MEM INST OSWALDO CRUZ, RIO DE JANEIRO, 93(1) Jan/Feb 1998
PAGES: 113-114 DOI: Technical notes
Resistance to Infection/Reinfection by Schistosoma mansoni is not augmented by three treatments with 45 days intervals

Alda Maria Soares Silveira, Lucia Alves de Oliveira Fraga, Aluizio PrataI, Rodrigo Correa-OliveiraII, David A AddissIII, Iramaya RC VianaII, Daniel G ColleyIII, Giovanni GazzinelliII +

Universidade do Vale do Rio Doce, Governador Valadares, MG, Brasil
IEscola de Medicina do Triângulo Mineiro, Uberaba, MG, Brasil
IICentro de Pesquisas René Rachou-Fiocruz, Av. Augusto de Lima 1715, 30190-002 Belo Horizonte, MG, Brasil
IIICenters for Disease Control, Atlanta, GA, USA

RESEARCH NOTE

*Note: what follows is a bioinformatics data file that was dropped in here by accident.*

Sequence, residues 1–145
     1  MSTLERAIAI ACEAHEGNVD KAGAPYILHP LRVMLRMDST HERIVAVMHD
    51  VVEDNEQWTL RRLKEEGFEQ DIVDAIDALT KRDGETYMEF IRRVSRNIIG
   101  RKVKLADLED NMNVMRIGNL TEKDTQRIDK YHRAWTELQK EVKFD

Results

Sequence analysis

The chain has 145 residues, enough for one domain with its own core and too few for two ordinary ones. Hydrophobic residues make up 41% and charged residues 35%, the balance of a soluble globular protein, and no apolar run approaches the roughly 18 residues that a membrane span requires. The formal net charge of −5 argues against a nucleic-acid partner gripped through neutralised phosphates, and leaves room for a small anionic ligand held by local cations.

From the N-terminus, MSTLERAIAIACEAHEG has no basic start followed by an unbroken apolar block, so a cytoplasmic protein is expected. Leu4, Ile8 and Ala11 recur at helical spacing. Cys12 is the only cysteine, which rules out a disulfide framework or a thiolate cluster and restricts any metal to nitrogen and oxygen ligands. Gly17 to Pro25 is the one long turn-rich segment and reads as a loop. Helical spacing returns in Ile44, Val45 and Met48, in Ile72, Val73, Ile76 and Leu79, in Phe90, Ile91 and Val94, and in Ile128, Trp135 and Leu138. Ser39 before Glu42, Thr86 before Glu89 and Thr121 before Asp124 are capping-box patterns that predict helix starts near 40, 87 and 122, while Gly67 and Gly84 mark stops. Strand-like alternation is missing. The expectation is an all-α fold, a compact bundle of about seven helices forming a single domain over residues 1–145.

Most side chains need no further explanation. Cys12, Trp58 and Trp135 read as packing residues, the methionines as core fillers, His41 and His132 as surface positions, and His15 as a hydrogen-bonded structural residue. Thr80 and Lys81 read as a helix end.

Immuno-epidemiologic studies of schistosomiasis report that resistance to reinfection after chemotherapy develops over years of exposure to infection, and thus correlates with age. Responses to schistosome egg antigens may stimulate production of blocking antibodies (AE Butterworth et al. 1987 Parasitology 94: 281-300, C Auriault et al. 1990 J Clin Microbiol 28: 1918-1924, P Hagan et al. 1991 Nature 349: 243-245) that interfere with protective antibody binding, and this may decrease with chronicity of infection and/or continual exposure to schistosome antigens. Also, in murine models, irradiated cercariae induce high levels of resistance to challenge infections with non-attenuated cercariae (SR Smithers 1962 Stimulation of acquired resistance to schistosomiasis and fasciolasis, p. 302-327. In S Cohen & EM Sadun,Immunology of Parasitic Infections, Oxford, Blackwell Scientific Publications, England, HF Hsu et al. 1962 Nature 194: 98) and resistance is also induced when mice are infected and cured of their nascent infections within 48 hr after exposure (AP Mountford et al. 1989 J Immunol143: 989-995). Therefore, we hypothesized that different treatment regimens for persons with Schistosoma mansoni infection living in an area of active transmission might induce different degrees of resistance to naturally occurring reinfection. In Patrimônio Velho (about 400 inhabitants), Minas Gerais, Brazil, volunteers were examined for S. mansoni infection by fecal examinations (N Katz et al. 1972 Rev Inst Med Trop São Paulo 14: 397-400) and the persons were randomly divided into two groups: group 1, treated once with oxamniquine (15 mg/kg for adults, 20 mg/kg for children <14 years); group 2, treated three times, each time with the same dose of oxamniquine, each treatment dose separated by 45 day intervals (i.e., 90 days between first and third treatments). All persons were then parasitologically followed at three months, one year and two years after the times of their initial (group 2) or only (group 1) treatment to observe reinfection in the groups. Thus the first follow-up stool examinations occurred three months after treatment for group 1 and one week after the last (3rd) treatment given to group 2. Two years and three months after the initial treatments all patients were re-treated if they had a positive stool examination. Our hypothesis was if patients in group 2 were reinfected during the two 45 day periods between treatments, these infections would be aborted (prior to egg production), perhaps boosting their immune responses to schistosomula or young worms, leading to augmentation of acquired immunity to reinfections.